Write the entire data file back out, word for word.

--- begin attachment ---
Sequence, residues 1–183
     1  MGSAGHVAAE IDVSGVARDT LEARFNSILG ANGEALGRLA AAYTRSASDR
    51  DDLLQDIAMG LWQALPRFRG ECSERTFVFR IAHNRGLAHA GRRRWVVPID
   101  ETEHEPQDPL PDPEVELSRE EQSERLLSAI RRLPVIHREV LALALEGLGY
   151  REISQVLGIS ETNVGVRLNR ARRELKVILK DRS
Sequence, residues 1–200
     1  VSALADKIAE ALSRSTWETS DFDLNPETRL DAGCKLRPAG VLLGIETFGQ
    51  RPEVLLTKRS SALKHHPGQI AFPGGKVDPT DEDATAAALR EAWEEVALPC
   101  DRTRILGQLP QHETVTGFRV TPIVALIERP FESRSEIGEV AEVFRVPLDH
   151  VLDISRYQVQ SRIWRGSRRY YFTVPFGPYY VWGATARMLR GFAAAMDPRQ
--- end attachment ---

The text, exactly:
Sequence, residues 1–183
     1  MGSAGHVAAE IDVSGVARDT LEARFNSILG ANGEALGRLA AAYTRSASDR
    51  DDLLQDIAMG LWQALPRFRG ECSERTFVFR IAHNRGLAHA GRRRWVVPID
   101  ETEHEPQDPL PDPEVELSRE EQSERLLSAI RRLPVIHREV LALALEGLGY
   151  REISQVLGIS ETNVGVRLNR ARRELKVILK DRS
Sequence, residues 1–200
     1  VSALADKIAE ALSRSTWETS DFDLNPETRL DAGCKLRPAG VLLGIETFGQ
    51  RPEVLLTKRS SALKHHPGQI AFPGGKVDPT DEDATAAALR EAWEEVALPC
   101  DRTRILGQLP QHETVTGFRV TPIVALIERP FESRSEIGEV AEVFRVPLDH
   151  VLDISRYQVQ SRIWRGSRRY YFTVPFGPYY VWGATARMLR GFAAAMDPRQ